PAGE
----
Speaking for Themselves

Thomas Peele

In their work on student success, Patrick Terenzini and Ernest Pascarella demonstrate the importance of student/faculty interaction. Increased student/faculty contact has a positive impact on students in many areas, including G.P.A., retention, and proficiency. As I report in "Working Together: Student Faculty Interaction and the Stretch Program," students who participated in Boise State University's Stretch program experienced successes similar to those reported by Terenzini and Pascarella (Peele). In 2005,  Boise State University faculty piloted a Stretch program in order to improve the basic writers' educational experience. Our Stretch program, modeled on the program at Arizona State University described by Greg Glau, links English 90: Basic Writing, with English 101: Introduction to College Writing and Research (Glau). These two courses are taken consecutively: ENGL 90 (the basic writing course) offers no academic credit and ENGL 101 (the second semester course) carries 3 credits. Students are encouraged, though not required, to continue to work with the same students and the same instructor over the course of the full year. Though many students are not able to complete this sequence, those who are able to experience significant benefits in the areas that I note above. While the Rhetoric and Composition faculty continue to be frustrated by the university's refusal to grant credit for basic writing courses, we are nevertheless able to provide significant additional support to students as we work toward changing the status of these courses.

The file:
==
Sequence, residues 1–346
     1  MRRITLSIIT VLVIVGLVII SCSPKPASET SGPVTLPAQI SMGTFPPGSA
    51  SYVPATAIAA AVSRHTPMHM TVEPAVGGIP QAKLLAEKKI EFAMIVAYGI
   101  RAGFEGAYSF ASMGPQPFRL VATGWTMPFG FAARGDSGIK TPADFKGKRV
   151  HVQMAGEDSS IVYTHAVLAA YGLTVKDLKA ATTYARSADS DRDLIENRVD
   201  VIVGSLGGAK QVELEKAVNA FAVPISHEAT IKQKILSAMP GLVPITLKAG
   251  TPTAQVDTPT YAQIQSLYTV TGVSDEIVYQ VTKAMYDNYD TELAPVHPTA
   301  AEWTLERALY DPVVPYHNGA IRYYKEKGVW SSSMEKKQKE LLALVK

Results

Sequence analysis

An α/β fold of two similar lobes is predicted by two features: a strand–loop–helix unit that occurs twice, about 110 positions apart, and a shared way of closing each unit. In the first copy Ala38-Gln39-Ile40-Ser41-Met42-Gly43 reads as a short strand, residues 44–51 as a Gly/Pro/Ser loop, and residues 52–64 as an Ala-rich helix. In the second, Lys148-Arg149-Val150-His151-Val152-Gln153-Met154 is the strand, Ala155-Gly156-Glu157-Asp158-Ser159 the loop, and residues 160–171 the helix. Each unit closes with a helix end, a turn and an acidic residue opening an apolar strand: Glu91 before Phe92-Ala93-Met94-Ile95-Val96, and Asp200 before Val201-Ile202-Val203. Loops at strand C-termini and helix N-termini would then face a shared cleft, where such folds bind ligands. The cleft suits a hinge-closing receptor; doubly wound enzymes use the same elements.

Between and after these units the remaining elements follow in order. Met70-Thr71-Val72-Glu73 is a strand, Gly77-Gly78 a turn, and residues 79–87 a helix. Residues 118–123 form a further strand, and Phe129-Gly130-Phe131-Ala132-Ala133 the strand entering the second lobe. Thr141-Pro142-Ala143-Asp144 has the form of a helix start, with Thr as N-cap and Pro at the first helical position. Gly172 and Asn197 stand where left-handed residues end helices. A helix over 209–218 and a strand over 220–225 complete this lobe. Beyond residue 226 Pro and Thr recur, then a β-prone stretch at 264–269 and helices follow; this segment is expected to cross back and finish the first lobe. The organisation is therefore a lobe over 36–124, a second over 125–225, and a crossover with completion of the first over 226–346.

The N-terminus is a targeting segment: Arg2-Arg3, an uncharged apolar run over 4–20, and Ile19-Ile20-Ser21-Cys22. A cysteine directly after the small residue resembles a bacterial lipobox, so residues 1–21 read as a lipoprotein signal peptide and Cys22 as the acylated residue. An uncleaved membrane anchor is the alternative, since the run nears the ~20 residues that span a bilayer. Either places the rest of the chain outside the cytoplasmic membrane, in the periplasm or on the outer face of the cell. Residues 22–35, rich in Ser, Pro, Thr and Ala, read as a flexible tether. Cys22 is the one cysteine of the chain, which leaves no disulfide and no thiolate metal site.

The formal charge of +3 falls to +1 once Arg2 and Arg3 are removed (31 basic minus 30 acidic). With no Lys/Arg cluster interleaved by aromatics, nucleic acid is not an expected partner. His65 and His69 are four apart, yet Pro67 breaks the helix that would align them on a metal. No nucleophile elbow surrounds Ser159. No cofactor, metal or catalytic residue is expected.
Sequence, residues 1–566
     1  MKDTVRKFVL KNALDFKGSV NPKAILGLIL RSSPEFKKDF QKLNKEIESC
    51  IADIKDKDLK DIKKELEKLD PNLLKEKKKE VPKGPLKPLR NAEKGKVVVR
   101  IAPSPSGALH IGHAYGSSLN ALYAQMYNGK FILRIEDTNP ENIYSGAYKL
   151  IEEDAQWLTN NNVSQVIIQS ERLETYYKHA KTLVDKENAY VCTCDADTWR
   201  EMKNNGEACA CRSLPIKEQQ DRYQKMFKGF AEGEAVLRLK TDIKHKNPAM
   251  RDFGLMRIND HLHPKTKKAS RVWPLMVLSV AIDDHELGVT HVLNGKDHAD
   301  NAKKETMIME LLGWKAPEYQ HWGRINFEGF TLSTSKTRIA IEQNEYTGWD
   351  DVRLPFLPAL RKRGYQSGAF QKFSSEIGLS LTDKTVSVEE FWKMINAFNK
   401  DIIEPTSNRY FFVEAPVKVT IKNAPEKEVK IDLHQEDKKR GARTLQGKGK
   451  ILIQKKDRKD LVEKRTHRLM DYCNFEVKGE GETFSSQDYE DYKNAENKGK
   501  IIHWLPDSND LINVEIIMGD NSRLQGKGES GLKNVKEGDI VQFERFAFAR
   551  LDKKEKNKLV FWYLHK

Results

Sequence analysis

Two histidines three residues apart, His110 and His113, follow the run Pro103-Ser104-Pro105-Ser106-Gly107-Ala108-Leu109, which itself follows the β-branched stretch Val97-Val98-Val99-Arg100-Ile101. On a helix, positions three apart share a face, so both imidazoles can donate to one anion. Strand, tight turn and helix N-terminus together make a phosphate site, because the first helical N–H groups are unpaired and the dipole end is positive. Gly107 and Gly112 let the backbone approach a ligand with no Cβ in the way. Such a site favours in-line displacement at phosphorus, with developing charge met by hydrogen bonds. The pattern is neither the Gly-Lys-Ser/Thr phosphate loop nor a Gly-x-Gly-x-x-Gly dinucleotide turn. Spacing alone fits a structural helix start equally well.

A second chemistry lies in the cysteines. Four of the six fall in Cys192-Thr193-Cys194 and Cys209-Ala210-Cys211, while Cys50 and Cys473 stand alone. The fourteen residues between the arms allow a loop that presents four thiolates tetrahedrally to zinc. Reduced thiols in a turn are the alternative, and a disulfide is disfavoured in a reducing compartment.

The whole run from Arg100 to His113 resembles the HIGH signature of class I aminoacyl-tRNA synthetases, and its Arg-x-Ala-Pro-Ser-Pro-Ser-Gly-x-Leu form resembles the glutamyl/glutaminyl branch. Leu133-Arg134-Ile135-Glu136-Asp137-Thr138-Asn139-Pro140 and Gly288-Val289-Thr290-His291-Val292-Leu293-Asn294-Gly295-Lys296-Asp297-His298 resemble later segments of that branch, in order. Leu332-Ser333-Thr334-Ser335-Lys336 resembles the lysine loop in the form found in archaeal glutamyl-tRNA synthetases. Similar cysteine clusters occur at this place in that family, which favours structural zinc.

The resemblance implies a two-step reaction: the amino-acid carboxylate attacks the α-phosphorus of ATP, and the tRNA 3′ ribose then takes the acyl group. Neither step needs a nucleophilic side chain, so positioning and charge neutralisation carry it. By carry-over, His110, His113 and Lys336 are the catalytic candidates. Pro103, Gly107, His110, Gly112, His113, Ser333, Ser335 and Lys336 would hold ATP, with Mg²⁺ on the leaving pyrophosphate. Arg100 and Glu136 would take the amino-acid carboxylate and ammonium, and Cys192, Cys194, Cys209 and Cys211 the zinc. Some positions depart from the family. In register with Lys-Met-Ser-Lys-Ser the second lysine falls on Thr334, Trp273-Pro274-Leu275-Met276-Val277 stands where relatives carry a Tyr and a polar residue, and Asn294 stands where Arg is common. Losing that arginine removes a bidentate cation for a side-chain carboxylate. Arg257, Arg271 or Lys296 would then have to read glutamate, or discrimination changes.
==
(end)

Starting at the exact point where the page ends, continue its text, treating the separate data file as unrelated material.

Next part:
In this essay, I present the interviews I conducted with students during the first phase of our pilot program, which consisted of three sections of basic writing. Approximately forty-five students from these three sections continued into English 101 with the same instructor. I interviewed eleven of these forty-five students, all of whom reported very positive experiences with the Stretch program. In the interviews, students' comments pooled around 5 major themes: transition to college life, slow pace, connection to other students, connection to faculty, and online learning. The interviews suggest that not only does the increased student/faculty contact improve students' performances, but that there are also several other benefits of having students working together for two semesters rather than one. In the following sections, students describe their experiences in the Stretch program. Based, in part, on students' comments, the faculty expanded the Stretch program to include all sections of basic writing. In our relatively small program, the Stretch model of basic writing is a low-cost approach to providing additional support to basic writing students.